I enjoyed the story that accompanies your grandmother’s recipe. I too, am from the south side of Chicago and remember several of the shops you mentioned. I used to walk to Cunis’s ice cream parlor as often as I could afford to. Delicious candies and ice cream! My mom’s recipe cards look just like your grandmothers. The handwriting is nearly identical! Thanks for the recipe and stroll down memory lane.

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  110. I can’t wait to make this! I had a quick question though (novice baker here) – to what degree are the eggs supposed to be beaten? I know there’s a couple different types (lightly beaten, soft peaks, etc) and I don’t want to mess this up, because it looks so delicious! Thanks!

  111. It’s baking now! It was bubbly so I put 10 more mins on it. Still not baked! Any idea?

  112. Made this tonight & it was so delish! My 5 year old helped make it and everyone loved it. Think I may have needed to let it cool a bit longer because it didn’t come out in slices but we didn’t care. Thanks for the quick and tasty receipe!

  113. I have now made this several times and every time it is a show stopper!! Thanks for sharing it is amazing!

  114. Can you make the batter a couple hours earlier and leave it in the fridge? I want to make the batter and then put it in the oven when we are eating but I don’t want to ruin it. What do you think?

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  117. Just wanted to say “THANK YOU”!! This pie haunts my dreams. LOL. It is served at a little diner here in Texas and I adore it. Now I can make it at home and avoid the drive! So awesome! Thanks for sharing !

  118. My family and I just finished trying out this amazing pie. Wow! We loved the ease of the recipe and the history behind it. Thank you for sharing this and making our evening special.

  119. We loved the hot fudge pie! My husband finished it off last night – a happy man! I loved the memories and pictures even more! Thanks for sharing.

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  121. This article was so refreshing thank you for sharing…gail

  122. Pingback: Hot Fudge Pie | Food- Mafia

  123. This looks awesome! I am a big fan of my grandmother’s recipes. They are always delicious.

  124. pamela Braxton

    Making your Hot Fudge Pie today and hope it turns out for me….

  125. this looks great….cannot wait to make it! thanks for sharing it!

  126. Pingback: 50 Great Pie Recipes - Simply Vicki

  127. Just made two. One to take for our stock show concession stand and one for us to try. Accidentllay ate a quarter of it right out of the oven. Oops. DELCIoUS!

  128. Just put this in the oven. Judging from how good the bowl tastes (yes, I always lick the bowl) it will be delicious!

  129. I’ve had this same pie before! The only difference is they actually cooked it in a pie shell… It is the best with ice cream!

  130. Pingback: Hot fudge pie. - FOOD BEA

  131. This was such an easy, chocolatey pie that I am making it again. And yes, I have to lick the mixing bowl…I know it’s taboo now, but I just can’t help myself! Thank you for sharing.

  132. I just wanted you to know that I ran across this recipe on Pinterest and its quickly become a staple in our dessert rotation. (Yes we have a dessert rotation, no we are not ashamed!) I love this recipe and I always give credit to your Grandma Jessie! Thank you for sharing a little slice of your home with all of us.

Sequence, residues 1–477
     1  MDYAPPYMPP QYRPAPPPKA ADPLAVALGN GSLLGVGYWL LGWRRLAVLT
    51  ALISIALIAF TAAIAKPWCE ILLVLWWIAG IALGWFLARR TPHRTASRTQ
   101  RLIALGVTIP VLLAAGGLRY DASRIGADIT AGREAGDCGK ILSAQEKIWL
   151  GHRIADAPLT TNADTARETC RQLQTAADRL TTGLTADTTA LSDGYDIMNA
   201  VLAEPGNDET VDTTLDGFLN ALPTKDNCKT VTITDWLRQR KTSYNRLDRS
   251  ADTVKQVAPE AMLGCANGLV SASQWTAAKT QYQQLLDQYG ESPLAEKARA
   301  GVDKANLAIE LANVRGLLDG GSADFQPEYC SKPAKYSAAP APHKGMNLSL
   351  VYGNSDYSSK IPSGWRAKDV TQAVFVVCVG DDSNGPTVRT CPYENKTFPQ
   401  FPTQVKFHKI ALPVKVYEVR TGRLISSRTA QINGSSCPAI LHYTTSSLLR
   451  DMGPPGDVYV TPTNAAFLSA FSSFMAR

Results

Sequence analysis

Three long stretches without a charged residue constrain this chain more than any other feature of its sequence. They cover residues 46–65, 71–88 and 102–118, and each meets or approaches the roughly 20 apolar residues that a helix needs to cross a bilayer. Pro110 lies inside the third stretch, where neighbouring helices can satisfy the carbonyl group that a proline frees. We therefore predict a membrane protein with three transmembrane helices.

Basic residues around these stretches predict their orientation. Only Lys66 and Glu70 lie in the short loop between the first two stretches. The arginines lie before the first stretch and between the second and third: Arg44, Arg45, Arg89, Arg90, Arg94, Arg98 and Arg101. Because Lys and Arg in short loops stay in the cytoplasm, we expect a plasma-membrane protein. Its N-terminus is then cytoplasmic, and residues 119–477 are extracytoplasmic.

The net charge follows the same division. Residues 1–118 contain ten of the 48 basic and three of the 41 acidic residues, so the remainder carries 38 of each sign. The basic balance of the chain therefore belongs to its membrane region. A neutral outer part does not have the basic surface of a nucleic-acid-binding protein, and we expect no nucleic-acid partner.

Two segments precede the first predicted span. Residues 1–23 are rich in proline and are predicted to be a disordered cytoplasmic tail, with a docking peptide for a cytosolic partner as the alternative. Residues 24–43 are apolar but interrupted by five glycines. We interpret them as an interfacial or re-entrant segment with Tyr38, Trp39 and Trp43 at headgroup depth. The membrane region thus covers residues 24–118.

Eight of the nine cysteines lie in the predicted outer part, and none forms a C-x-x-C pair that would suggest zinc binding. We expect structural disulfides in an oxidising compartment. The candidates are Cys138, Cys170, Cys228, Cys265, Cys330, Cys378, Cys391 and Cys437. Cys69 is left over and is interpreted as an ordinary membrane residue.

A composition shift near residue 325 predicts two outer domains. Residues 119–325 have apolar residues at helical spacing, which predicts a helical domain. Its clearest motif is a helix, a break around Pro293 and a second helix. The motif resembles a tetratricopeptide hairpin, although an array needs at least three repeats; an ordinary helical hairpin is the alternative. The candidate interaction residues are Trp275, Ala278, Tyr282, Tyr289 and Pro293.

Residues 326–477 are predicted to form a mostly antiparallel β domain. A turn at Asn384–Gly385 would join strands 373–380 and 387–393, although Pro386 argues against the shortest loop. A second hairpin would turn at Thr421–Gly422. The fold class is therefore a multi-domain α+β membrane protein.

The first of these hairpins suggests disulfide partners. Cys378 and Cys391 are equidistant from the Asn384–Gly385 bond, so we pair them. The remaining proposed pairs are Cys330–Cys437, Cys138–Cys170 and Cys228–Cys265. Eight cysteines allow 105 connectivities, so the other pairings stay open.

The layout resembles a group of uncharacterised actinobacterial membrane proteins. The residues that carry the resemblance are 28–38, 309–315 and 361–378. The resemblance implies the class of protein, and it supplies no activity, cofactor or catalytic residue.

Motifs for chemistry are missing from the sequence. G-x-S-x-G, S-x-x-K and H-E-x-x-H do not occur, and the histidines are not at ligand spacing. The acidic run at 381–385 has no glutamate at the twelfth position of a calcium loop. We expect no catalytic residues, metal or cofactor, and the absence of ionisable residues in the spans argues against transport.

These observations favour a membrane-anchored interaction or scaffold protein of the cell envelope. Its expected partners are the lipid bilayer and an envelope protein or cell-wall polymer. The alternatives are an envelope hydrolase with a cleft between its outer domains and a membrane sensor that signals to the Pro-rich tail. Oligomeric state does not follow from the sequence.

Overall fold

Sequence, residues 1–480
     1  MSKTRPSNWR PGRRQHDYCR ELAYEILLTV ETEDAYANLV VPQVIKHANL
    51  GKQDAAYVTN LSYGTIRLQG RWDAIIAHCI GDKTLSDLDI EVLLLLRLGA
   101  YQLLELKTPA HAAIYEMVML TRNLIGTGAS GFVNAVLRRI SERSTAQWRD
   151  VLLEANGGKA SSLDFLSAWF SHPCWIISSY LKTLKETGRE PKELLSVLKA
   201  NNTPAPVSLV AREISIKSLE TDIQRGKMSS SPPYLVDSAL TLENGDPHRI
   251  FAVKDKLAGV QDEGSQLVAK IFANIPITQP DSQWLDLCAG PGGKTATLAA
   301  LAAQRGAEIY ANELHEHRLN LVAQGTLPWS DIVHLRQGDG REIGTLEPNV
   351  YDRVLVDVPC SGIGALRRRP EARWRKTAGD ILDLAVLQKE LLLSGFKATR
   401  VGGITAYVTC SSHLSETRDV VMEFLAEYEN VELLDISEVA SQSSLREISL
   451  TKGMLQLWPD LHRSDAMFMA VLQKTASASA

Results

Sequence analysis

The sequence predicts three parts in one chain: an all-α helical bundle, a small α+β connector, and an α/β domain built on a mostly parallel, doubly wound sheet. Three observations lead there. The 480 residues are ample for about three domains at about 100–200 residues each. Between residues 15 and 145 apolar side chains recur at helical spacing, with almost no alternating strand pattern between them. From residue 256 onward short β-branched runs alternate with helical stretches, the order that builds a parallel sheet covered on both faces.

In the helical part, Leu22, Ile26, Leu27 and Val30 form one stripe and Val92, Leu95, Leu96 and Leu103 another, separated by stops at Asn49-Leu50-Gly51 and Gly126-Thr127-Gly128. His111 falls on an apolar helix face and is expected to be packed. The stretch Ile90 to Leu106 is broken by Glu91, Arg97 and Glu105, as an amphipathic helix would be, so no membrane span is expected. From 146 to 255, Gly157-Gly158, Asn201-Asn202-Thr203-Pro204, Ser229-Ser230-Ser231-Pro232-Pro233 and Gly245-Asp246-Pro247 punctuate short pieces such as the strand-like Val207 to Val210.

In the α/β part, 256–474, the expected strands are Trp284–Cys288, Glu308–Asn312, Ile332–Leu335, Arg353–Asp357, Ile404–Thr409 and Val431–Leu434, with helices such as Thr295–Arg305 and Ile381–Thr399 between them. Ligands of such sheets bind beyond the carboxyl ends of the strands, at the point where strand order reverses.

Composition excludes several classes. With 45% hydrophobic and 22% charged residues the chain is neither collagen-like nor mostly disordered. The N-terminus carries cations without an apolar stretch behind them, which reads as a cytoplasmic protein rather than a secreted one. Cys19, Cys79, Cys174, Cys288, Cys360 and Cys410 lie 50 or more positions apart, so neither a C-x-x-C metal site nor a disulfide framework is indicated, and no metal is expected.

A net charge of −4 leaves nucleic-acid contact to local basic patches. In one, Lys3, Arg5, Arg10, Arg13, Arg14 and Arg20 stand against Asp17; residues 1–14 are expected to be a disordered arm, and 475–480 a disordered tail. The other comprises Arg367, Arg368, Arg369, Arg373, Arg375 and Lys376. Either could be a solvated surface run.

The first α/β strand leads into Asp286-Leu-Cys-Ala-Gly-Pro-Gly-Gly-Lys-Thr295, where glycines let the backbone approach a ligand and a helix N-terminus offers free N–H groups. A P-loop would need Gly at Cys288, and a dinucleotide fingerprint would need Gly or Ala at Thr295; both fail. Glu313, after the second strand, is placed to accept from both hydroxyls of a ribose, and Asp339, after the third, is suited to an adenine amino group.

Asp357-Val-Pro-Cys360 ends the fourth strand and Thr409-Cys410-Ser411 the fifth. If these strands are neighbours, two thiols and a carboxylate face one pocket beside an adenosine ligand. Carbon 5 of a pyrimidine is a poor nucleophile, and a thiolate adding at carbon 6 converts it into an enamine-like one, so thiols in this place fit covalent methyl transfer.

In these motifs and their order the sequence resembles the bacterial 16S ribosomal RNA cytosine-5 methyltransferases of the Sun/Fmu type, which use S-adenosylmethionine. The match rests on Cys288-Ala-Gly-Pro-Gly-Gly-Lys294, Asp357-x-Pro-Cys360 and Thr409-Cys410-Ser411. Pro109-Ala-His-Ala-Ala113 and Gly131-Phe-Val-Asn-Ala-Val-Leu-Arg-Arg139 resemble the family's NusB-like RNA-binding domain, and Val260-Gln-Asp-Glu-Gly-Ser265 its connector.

133. Looks very good. I definitely will make it.

  134. I live in Chicago and I must try this receipt it looks good.

  135. Such a wonderful recollection!

  136. My mother-in-law made something called fudge pie which was and is a family favorite. It looks exactly like your pictures. Jenny told me she got the recipe from an old cookbook that had recipes from famous restaurants on the Mississippi. We’ve lost the book but not the recipe. You are right that it’s perfection to eat it warm with vanilla ice cream.

  137. you did not add or give correct name of recipe to following what the recipe will not mess or collapse please use name of word show sugar and flour

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  140. I’m so glad to be acquainted to this recipe and connected to Jessie through it. This recipe has all the elements going for it. A grandson who has passed on her legacy, a simplistic recipe that works in all its deliciousness, and the fact Jessie has graced many more tables than she ever knew. Nice tribute and an excellent simple recipe that upholds the saying “Less is more”. Thank you for sharing her with us.

  141. I made this today. I absolutely love vintage recipes!!! I have many cookbooks from my grandma. They are indeed the best!!! I will make this over & over!!! A must is that ice cream, cup o joe or a gallon of milk, lol!!!

    Thanks for this awesome hot fudge brownie.

  142. Pingback: Hot Fudge Pie | Tales from a 20-Something's Kitchen.

  143. Keep in mind that the measurements for a “square” of baking chocolate were different than they are today. I have a recipe for Chocolate drop cookies in which the measurements for baking chocolate are given in “squares”. The recipe is from my husbands Grandmother I believe. The first time I made it, it was was not nearly chocolate enough because I didn’t realize the measurements were different back then. I think if you were to serve this recipe as is to your grandma she would say it needs more chocolate. I recommend doubling the recommendation for chocolate at a minimum to achieve the desired level of chocolatey-ness.

  144. Hello there.
    Ingridients : 2 tablespoons milk
    Question : liquid or powder ?

  145. Yum. This was really good and easy to make. I love old recipes. Thanks for sharing!

  146. I’ve only made this once so far, but it is amazing! Melts in your mouth, ooey gooey, perfect for chocolate cravings! I’ve come here today to make it again and had to leave a raving review. Thank you Aunt Jessie for your wonderful recipe!